Photos: Don Lee
Back in late March, we came across an interview where Desmond Tan and Rebecca Lim openly expressed their wish for folks to quit asking the duo about their friendship.
Well, thankfully for us (and you, the dear reader), that declaration happened after our session with Desmond in February for today’s Toggle Talk tête-à-tête. If not, we probably would not have been unable to unearth the juicy titbits we did regarding the real state of the beloved BFFs’ relationship – information you too will be privy to after you’re done with our write-up and videos.
We also addressed his tough first years in showbiz, especially before a certain shirtless rickshaw puller named Luo Xiaoxiao came along. “I think audiences started to know me better from Together, but my real breakthrough was in A Song to Remember,” Desmond recalled during our chat at Sheraton Towers Singapore.
Before that, however, were three years of darkness. “It was depressing to see my peers like Andie Chen and Ya Hui making it big and nabbing endorsement deals, while people would ignore me on the streets!” he candidly shared. “I wondered why they were achieving so much more despite entering showbiz at around the same time as me.”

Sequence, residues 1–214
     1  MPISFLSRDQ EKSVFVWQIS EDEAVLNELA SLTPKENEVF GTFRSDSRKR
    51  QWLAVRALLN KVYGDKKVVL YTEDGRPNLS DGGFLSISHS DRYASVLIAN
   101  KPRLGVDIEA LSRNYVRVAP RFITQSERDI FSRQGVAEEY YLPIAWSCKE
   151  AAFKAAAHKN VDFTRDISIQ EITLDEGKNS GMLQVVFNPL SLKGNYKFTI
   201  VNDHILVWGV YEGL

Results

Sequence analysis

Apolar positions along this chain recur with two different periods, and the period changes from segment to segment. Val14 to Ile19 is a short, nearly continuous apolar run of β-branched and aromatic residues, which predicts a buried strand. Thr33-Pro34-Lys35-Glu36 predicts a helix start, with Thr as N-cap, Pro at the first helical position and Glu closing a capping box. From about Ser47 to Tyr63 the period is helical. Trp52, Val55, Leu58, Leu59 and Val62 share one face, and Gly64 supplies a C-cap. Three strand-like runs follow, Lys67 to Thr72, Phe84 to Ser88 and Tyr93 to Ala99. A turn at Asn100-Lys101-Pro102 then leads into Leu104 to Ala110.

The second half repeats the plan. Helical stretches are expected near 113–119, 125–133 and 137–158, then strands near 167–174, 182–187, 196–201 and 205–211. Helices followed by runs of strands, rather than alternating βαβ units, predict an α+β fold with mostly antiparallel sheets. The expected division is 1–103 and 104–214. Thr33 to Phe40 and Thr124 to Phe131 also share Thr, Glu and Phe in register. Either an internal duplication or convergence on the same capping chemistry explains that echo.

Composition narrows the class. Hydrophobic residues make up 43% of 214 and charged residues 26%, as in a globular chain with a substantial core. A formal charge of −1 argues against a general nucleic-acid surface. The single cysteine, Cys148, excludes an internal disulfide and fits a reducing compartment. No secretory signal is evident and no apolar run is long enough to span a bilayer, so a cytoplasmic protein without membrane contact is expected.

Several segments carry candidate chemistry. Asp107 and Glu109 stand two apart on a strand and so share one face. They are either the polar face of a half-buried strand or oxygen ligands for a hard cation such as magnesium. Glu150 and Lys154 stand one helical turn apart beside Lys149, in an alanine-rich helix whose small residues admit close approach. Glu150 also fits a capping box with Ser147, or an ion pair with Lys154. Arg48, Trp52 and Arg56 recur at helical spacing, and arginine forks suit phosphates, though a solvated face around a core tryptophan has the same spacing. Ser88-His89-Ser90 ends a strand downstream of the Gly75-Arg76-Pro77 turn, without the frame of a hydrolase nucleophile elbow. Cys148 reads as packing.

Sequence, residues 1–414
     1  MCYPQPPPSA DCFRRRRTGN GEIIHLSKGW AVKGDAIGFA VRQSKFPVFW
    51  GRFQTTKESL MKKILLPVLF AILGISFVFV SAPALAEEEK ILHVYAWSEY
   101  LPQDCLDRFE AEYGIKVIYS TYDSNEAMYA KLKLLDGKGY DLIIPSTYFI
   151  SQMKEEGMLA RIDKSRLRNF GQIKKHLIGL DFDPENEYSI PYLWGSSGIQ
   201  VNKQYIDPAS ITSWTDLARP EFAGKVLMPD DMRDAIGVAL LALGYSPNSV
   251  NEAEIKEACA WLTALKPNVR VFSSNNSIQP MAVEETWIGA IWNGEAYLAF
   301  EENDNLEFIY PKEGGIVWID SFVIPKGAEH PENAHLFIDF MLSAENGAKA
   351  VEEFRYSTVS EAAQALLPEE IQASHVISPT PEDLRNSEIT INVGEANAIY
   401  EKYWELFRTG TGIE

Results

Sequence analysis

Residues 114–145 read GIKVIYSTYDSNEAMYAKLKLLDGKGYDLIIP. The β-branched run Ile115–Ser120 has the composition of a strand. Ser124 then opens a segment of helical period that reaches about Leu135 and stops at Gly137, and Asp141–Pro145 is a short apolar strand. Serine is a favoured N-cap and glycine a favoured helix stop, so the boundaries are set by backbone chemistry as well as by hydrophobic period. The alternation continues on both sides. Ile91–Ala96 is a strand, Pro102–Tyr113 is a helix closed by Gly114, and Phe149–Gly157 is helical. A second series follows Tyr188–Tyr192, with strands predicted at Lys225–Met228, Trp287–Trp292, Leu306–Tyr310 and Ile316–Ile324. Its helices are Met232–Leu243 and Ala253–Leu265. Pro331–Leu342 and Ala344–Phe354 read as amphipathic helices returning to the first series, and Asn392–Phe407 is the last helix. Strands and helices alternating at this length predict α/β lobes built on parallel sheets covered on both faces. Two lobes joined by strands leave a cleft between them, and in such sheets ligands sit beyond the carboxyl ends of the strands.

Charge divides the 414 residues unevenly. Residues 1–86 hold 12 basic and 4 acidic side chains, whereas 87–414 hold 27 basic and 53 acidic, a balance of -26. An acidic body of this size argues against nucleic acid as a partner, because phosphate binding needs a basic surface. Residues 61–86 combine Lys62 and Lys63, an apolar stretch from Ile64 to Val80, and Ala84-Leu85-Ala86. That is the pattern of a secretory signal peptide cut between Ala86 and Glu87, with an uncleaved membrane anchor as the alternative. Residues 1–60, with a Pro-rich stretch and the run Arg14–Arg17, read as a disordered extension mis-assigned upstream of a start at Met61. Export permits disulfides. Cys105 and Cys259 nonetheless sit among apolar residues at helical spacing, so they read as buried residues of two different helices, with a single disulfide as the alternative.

It didn’t help that many of his characters ended up getting killed off. “My friends would jokingly ask if my next character would die again, and it didn’t make me very happy,” he said. “I thought, ‘Why is the company doing this to me?’ I became the laughing stock of everyone.”
We don’t think anyone’s laughing now. Desmond has come a long way since his Star Search finalist days (and the not-so-golden period that came after it), with two Star Awards trophies, sweet endorsement deals and a prominent spot in the 8 dukes, a gang comprising of the finest young hunks on the Hill.
Read on for more, and watch the videos for a blow-by-blow account of his interview: